Almost thirty species of corals are known from Atlantic Canada. All but one of these is not reef-forming. The other corals are either solitary (such as Flabellum), or form tree-like aggregations with a main stalk and branches (such as Paragorgia). These "tree corals" are also known as seafans. They vary in height according to species, from a few centimetres to a few metres in height. Most of them are classified as "horny corals" (Order: Gorgonacea). This name relates to the pliable skeleton that the polyps secrete. The same "magnet" principle applies to the tree-like corals. They provide habitat for many other marine animals such as fish, shrimps, and other invertebrates.

(photo: Andre Freiwald, University of Erlangen and ACES)

The reef-forming coral Lophelia pertusa is shown
here with a cusk, a
relative of cod. This photograph
was obtained in Norwegian waters, where
deep-water coral reefs are abundant

Deep-water corals feed by filtering particles from ocean currents. They eat plankton and detritus. The large ones need stable substrates to sit on, such as shell mounds, boulders and bedrock. This need for hard substrates and strong currents means that the large corals tend to be concentrated along the edge of the continental shelf. Some of the same areas are favoured by commercial fishermen and the petroleum industry.

As a result of the interests of the fishing and petroleum industries, the corals of Atlantic Canada are not immune from human impacts, even though they are in deep water, far from shore. In Europe it has been estimated that over a third of the reefs have been damaged by bottom trawling. In Atlantic Canada, this kind of fishing is called "dragging".

In Nova Scotia and Newfoundland, groundfish draggers and shrimp trawls mow down large corals, and scallopers bring up small corals. Other methods of fishing do less damage, but longlines and bottom-set gillnets also bring up corals sometimes. In addition, fishermen lose these fishing gears among corals as a result of the gear getting snagged on the corals. Lost gillnets continue to catch and kill fish after they are lost, and so the combination of the coral magnet and the fish-killing gill net is especially lethal.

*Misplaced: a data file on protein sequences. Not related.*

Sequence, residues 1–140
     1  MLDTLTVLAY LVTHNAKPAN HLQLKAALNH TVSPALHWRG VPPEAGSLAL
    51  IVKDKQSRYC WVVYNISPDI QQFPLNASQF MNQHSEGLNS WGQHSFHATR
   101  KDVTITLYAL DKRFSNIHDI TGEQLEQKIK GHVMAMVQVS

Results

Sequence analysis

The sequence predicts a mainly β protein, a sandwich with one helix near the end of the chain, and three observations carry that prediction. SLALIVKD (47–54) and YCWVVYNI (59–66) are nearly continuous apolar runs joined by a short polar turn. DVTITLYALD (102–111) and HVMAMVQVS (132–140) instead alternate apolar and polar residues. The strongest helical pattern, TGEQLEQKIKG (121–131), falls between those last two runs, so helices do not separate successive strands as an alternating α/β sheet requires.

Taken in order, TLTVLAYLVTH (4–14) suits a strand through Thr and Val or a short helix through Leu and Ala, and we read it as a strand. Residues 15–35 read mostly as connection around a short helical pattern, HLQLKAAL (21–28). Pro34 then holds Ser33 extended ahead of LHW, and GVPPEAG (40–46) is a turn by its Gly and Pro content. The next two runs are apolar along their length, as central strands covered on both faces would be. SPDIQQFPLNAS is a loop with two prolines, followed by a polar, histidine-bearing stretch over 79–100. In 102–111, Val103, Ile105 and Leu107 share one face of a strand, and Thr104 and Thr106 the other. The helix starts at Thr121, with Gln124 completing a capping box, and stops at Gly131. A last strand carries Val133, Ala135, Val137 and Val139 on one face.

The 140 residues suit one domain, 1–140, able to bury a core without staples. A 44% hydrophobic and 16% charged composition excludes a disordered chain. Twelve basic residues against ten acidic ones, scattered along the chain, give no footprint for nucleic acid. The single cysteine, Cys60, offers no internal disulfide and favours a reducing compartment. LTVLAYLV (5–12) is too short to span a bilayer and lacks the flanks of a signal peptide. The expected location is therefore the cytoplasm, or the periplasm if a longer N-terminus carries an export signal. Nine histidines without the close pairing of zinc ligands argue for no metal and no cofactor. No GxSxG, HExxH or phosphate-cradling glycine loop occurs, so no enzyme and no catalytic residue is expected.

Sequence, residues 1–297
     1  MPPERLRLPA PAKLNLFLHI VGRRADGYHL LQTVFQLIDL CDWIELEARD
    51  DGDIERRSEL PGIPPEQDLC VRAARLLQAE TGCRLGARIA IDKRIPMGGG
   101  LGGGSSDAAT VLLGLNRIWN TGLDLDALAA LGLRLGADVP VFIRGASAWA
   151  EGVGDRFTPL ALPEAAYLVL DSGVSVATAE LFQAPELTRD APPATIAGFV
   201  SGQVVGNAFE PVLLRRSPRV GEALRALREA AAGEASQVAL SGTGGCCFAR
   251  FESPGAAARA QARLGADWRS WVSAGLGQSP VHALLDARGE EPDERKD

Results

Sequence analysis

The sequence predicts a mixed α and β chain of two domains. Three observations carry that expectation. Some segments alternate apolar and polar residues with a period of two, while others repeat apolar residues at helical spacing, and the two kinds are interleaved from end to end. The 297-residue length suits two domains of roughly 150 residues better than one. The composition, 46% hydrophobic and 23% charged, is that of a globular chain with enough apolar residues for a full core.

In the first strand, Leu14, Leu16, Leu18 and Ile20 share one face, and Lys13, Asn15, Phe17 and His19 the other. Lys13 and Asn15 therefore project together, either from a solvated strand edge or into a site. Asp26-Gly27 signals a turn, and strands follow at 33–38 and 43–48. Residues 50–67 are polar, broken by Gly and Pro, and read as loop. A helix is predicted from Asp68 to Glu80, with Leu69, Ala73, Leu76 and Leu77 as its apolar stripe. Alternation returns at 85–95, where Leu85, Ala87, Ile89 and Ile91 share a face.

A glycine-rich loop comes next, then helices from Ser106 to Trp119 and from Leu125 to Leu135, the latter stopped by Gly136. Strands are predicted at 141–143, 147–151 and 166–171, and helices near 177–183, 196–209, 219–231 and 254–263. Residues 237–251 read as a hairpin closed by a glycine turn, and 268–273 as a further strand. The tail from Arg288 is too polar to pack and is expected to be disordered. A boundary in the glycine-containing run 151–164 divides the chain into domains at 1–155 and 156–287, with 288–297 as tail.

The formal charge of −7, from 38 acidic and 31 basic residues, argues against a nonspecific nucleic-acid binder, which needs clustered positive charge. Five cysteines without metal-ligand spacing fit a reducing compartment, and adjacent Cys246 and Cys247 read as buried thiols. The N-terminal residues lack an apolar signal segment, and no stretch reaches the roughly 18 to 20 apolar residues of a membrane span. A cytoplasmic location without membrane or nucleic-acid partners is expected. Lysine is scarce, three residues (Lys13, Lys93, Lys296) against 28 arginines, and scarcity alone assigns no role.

With the recent collapses of many fisheries in Atlantic Canada, fishermen have moved further off shore and into deeper water in search of catches. This has brought them more into contact with previously untouched coral groves and reefs. The living Lophelia coral mound discovered on the Scotian Shelf in 2002 had, for example, been almost completely destroyed by fish draggers.

(photo: ROPOS, Sept. 2002)

These Gorgonian corals were photographed
about 100 miles south of Nova Scotia at a depth
of about 400 metres.  The Paragorgia and
Primnoa corals are around 1 metre in height.
Redfish typically aggregate around these
corals as seen here.

A large aggregation of Gorgonian corals lies in a channel between Browns Bank and Georges Bank, about 150 km south of Nova Scotia. In June 2002, the Department of Fisheries and Oceans closed part of this coral-rich area to fishing by using provisions of the Fisheries Act. This approach to protecting corals may be more widely used in future because it will benefit both life in the sea and fisheries by protecting marine habitat.

Protecting coral-rich areas is a sensible "ecosystem-based" approach to ocean management, but many marine conservationists believe that this method alone will not ensure that Canada's coral-associated marine biodiversity will be adequately protected from harm. Additional comprehensive ecosystem-based strategies for protecting both fisheries and our ocean heritage need to be implemented as soon as possible.